In some ways, Ash Barty's rise to No. 1 in the women's rankings can be traced back to a loss to Angelique Kerber three years ago. (More Tennis News)
Playing her first final in her native Australia, Barty was beaten in straight sets by Kerber in the 2018 Sydney International — and came away with a new understanding of what it takes to get to the top.
”I remember coming off the court and feeling like my level was close, but it wasn't good enough,” Barty said.
”That was almost a bit of a reset knowing I'm not far off, but I'm not there yet.”
Now Barty is not far off her first Wimbledon title. But not there yet, as Kerber once again stands in her way in Thursday's semifinals.
”I think the challenge of playing her in a semifinal of Wimbledon is an incredible opportunity, one that I'm really excited for,” said Barty, who won her only Grand Slam title at the 2019 French Open.
”It's not scary or overwhelming, it's just exciting.”
Kerber is the only former women's champion remaining in the tournament. The other two semifinalists, No. 2 Aryna Sabalenka and Karolina Pliskova, are into the last four for the first time at the All England Club.
The 33-year-old Kerber is only seeded 25th at Wimbledon but seems to have rediscovered her best grass-court form after winning a warmup tournament in Bad Homburg, Germany.
She has a 2-2 career record against Barty, but their last meeting came in 2018 and they have never played on grass. Kerber thinks the fact that her name is already on the Wimbledon trophy could give her an advantage.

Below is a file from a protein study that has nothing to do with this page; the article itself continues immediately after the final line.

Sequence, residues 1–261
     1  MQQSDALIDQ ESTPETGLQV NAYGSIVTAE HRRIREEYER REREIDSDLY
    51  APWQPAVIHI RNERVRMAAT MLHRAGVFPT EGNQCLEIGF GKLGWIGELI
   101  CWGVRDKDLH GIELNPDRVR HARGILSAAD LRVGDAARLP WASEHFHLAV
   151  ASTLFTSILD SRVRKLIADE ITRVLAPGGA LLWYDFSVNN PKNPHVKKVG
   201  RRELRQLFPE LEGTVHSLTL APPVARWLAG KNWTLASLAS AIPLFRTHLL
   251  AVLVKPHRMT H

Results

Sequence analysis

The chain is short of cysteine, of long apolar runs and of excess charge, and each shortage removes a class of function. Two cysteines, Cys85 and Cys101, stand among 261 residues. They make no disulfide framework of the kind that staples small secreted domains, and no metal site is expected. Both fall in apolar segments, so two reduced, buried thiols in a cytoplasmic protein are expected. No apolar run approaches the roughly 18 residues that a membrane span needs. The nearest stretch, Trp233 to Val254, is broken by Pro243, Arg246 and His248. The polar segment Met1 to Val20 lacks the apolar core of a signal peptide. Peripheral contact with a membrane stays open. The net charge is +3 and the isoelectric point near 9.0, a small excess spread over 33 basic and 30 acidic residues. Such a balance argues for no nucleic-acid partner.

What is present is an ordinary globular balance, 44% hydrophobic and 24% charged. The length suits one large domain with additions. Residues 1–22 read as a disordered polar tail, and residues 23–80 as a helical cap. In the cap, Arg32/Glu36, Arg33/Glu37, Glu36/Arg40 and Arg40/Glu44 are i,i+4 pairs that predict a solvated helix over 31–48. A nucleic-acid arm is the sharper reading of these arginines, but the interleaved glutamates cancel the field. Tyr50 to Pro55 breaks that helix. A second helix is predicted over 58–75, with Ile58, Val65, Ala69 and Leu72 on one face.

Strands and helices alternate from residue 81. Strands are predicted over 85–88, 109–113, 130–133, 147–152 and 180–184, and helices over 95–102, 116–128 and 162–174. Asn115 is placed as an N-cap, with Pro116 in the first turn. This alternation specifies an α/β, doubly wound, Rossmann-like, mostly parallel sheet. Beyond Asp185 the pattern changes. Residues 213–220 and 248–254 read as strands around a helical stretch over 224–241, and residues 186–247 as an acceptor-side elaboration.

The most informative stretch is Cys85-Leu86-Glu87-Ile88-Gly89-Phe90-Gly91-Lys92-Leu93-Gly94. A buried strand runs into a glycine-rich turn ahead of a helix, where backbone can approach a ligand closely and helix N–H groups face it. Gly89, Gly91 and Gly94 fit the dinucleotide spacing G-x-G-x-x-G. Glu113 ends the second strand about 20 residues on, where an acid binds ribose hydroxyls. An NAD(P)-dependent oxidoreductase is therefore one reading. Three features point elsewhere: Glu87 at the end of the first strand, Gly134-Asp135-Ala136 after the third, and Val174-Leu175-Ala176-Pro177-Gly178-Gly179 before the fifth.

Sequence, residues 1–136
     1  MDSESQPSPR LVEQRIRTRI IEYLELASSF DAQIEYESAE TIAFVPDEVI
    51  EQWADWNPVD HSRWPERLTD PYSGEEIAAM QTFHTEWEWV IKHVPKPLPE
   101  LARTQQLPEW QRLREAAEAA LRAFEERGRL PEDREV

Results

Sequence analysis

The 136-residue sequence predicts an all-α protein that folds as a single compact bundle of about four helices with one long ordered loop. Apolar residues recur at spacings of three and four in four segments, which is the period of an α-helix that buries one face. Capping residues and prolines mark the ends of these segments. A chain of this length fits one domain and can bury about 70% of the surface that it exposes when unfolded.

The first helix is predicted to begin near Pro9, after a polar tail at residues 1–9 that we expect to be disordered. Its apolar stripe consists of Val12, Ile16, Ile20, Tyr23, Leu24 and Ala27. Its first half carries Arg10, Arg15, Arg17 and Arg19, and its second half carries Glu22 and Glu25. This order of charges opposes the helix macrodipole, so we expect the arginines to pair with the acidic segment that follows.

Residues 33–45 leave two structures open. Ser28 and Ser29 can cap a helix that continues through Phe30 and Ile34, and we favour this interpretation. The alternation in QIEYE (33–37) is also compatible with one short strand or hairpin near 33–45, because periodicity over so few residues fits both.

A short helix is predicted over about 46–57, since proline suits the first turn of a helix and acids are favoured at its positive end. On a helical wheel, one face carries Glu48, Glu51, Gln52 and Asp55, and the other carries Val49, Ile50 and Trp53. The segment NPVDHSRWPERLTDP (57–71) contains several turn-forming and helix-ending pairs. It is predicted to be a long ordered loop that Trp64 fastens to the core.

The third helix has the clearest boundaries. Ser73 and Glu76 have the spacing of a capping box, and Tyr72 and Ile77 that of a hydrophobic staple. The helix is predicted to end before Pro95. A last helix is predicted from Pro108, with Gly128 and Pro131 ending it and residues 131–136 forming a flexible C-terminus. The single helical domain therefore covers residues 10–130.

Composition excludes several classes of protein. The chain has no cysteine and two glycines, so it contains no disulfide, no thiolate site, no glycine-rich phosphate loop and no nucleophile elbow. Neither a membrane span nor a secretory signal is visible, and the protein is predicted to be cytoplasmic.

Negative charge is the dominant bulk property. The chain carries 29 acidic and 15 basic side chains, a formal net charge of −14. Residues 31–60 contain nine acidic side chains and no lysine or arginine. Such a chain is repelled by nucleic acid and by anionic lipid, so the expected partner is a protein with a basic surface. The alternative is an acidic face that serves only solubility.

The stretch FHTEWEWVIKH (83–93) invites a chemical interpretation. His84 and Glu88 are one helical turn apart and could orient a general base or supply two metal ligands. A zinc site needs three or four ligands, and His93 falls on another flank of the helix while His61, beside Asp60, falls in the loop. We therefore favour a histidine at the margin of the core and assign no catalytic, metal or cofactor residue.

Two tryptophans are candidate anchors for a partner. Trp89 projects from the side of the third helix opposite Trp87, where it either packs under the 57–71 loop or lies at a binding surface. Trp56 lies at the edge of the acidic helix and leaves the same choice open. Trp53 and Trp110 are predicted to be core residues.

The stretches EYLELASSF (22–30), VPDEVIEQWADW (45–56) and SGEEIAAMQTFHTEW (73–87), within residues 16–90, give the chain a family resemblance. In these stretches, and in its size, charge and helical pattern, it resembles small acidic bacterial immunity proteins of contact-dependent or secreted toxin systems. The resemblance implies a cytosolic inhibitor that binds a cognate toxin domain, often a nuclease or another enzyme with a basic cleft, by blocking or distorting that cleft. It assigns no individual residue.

“Of course, it's a good feeling already to have the trophy at home and to (have) won it here,” she said.
“Now I'm back. I'm coming after a really tough time. I was not playing good the last few months. Now, winning last week a tournament at home, now playing well here again, that means a lot to me.”
Barty, for her part, has never even had a good look at the Venus Rosewater Dish, as the women's trophy is called.
“I think it's downstairs in like a case before the court entrance,” Barty said after her quarterfinal win over fellow Australian Ajla Tomljanovic.
“I can't say that I've gone up and kind of peered in. Maybe one day I'll get an opportunity to look at it.”
Denis Shapovalov called it “the craziest game, I think, of my life.”
It involved four break points and a number of crucial HawkEye challenges, and it helped send Shapovalov into the Wimbledon semifinals for the first time.
It came at 4-4 in the fifth set of a tense, back-and-forth quarterfinal against No. 25-seeded Karen Khachanov on No. 1 Court.
With Khachanov serving and up 30-15, Shapovalov hit a cross-court backhand winner that was called wide. He challenged that call and a replay showed the ball clipped the line — making it 30-all instead of 40-15.
Khachanov went on to save two break points, then gave up a third when his forehand was called out by the chair umpire — a decision that proved correct by a tiny margin after another replay.
On the next point, the chair umpire again stepped in to call a forehand from Shapovalov long — a decision that was also upheld after a challenge.
Khachanov then hit a forehand long on consecutive points to give away the break.
“It was definitely super, super tough," Shapovalov said.
"And then having the craziest game, I think, of my life over there. Being able to win that was massive.”
The No. 10-seeded Canadian won 6-4, 3-6, 5-7, 6-1, 6-4. Next up is top-ranked Novak Djokovic, a five-time champion at the All England Club. Having already beaten home favorite Andy Murray on Centre Court, Shapovalov thinks he's ready for that challenge, too.
“When you're at the semifinals of a tournament, there's not really underdogs, overdogs, whatever you want to call it,” he said.
“Obviously he's got experience, this and that. Like I said, the score is 0-0 and you play the match. It's tennis.”